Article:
The state missed its first deadline in forming a task force to weigh exemptions to the Freedom of Information Act carved out by the legislature in response to the Newtown shootings.
The law, which was emergency certified and passed on the final day of this year’s legislative session, prevents the release of any photograph or video recording that portrays the body of a homicide victim. It also prohibits for one year, the release of law enforcement audio recordings describing the bodies of children who are murdered.
Families of some of the victims of the Dec. 14 Sandy Hook Elementary School massacre lobbied heavily for the bill late in the session.
In addition, the legislation called for the establishment of a 17-member task force with appointments from a handful of stakeholders to make recommendations on the “balance between victim privacy under the Freedom of Information Act and the public’s right to know.” Appointments were to be made by July 1.
Gov. Dannel P. Malloy’s spokesman said Monday the administration is still in the process of reviewing candidates and expects to make appointments soon. The law asks Malloy to appoint a representative of a crime victim advocacy group and a municipal police official.
The legislation also asked the leaders of the four legislative caucuses to either serve on the task force themselves or appoint someone to work on the group in their place. A spokesman for House Speaker Brendan Sharkey said Monday that Sharkey has selected Rep. Angel Arce, D-Hartford, to work on the task force. The law required that Sharkey choose a member of the House Black and Puerto Rican Caucus if he opted not to serve on the group himself.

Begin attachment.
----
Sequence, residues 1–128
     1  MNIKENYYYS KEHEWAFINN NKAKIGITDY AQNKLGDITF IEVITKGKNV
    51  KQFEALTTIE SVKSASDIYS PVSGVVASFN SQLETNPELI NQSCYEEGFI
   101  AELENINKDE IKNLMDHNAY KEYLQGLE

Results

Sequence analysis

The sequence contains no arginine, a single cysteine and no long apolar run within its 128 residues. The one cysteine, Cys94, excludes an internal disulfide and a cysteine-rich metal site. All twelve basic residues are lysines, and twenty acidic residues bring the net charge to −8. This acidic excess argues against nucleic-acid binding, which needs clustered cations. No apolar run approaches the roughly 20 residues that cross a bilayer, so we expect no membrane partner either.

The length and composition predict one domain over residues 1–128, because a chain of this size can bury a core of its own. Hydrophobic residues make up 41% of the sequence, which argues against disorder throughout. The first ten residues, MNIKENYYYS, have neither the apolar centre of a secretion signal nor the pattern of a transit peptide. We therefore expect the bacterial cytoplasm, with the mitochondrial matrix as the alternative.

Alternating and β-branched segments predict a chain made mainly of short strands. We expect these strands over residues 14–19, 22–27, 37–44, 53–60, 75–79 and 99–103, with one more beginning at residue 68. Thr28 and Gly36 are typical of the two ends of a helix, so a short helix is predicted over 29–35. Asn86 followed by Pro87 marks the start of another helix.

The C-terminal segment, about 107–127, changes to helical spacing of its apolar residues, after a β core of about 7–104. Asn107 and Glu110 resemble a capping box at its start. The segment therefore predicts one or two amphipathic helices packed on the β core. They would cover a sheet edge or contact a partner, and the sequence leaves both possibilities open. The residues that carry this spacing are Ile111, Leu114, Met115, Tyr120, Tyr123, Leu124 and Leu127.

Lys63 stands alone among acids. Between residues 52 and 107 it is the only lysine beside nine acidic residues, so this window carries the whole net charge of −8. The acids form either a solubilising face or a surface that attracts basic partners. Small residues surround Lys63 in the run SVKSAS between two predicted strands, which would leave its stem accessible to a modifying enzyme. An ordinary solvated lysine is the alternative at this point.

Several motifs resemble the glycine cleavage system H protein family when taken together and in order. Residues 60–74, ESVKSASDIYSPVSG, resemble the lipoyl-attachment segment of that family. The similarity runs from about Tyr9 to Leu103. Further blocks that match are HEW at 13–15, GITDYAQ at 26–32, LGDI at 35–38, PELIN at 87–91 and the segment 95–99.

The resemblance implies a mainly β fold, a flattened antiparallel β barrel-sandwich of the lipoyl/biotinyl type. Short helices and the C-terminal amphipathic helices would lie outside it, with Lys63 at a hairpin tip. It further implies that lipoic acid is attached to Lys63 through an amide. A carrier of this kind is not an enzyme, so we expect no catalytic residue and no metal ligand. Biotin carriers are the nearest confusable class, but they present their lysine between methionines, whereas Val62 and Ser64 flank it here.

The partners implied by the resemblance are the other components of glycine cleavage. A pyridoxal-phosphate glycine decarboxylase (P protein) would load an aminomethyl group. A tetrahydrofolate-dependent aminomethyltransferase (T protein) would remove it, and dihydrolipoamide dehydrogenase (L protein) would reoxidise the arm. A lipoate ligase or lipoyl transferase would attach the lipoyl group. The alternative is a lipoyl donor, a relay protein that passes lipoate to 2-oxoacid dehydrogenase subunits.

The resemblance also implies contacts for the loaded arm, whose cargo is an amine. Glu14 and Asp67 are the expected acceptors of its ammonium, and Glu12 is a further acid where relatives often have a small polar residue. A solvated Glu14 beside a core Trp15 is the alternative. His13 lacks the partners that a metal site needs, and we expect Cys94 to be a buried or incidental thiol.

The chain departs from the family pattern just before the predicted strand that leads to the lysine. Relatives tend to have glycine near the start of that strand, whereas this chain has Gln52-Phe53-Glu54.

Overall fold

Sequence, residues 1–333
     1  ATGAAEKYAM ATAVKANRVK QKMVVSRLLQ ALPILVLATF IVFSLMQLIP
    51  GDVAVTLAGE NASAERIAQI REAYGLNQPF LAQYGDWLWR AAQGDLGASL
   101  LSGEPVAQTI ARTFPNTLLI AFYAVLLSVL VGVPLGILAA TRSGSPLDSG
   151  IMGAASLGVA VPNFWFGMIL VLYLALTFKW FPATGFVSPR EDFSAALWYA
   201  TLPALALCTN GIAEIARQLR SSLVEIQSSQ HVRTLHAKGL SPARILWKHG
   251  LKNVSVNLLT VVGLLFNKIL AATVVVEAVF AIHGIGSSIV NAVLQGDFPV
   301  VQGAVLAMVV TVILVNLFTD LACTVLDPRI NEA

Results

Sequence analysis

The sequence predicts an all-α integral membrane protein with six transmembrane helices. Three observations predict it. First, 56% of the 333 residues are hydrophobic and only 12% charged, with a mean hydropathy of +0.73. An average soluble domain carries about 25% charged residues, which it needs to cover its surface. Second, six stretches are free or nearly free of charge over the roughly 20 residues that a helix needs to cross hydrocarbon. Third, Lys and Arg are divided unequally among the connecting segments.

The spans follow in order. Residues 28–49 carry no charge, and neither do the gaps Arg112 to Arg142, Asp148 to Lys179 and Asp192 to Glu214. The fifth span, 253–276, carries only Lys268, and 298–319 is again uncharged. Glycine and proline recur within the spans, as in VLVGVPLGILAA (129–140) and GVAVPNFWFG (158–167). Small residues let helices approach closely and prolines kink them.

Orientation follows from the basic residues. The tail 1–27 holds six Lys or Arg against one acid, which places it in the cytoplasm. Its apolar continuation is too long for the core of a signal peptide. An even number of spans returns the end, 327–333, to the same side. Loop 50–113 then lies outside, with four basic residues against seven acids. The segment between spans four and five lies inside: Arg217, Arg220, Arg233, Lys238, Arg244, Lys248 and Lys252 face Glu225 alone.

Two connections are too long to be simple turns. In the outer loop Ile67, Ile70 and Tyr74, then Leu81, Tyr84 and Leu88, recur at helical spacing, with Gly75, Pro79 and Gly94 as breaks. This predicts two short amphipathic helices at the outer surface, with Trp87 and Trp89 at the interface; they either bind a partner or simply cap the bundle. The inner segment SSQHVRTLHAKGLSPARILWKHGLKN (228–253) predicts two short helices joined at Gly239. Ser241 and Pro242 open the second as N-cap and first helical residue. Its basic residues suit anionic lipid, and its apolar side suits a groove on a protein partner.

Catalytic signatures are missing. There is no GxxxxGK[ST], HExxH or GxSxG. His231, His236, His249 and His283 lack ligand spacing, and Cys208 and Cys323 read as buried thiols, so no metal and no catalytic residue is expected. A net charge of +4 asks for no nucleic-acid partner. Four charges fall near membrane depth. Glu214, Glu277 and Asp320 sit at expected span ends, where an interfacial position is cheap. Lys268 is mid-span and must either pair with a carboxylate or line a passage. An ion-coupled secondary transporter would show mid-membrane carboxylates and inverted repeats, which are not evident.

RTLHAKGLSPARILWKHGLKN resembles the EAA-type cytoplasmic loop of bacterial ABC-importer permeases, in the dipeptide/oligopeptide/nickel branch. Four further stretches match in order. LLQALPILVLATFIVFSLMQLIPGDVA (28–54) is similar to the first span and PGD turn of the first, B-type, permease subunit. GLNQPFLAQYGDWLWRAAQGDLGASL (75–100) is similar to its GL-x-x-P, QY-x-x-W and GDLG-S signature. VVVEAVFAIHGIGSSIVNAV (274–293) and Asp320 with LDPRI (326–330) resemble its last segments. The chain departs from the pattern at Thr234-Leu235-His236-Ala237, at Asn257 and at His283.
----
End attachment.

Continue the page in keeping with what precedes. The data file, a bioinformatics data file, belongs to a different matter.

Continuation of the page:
Arce brings a unique perspective to the group. In 2008, his father was paralyzed in a hit-and-run accident on Park Street in Hartford. The incident was captured in video footage and made national news after the video was released.
A spokesman for House Minority Leader Lawrence Cafero said Cafero would serve on the task force unless or until he chooses someone else to take his place. Meanwhile, spokesmen for Senate President Donald Williams and Minority Leader John McKinney said both were still in the process of making their appointment.
The Connecticut Society of Professional Journalists, which the law asks to make four appointments, made its selections in June. The group picked Don DeCesare, general manager of WLIS-AM in Old Saybrook, and Klarn DePalma, general manager of WFSB-TV 3 in Hartford. The Connecticut SPJ also tapped the president of its board, Jodie Mozdzer Gil, and Connecticut Post Metro Editor Brian Koonz to work on the group.
The law specifically names some of the group’s members, including the executive director of the Freedom of Information Commission, the Chief State’s Attorney, the Chief Public Defender, the state Victim Advocate, and the Commissioner of Emergency Services and Public Protection.
Another member must be a constitutional law professor recommended by law school deans from the University of Connecticut, Yale, and Quinnipiac University. The legislation also requires the Connecticut Council of Freedom of Information to appoint a member.
Sharkey and Williams will pick two of the appointed members to lead the task force. The group is to begin working no later than Aug. 1 and will meet at least once a month until December. Its recommendations to the General Assembly are due by Jan. 1.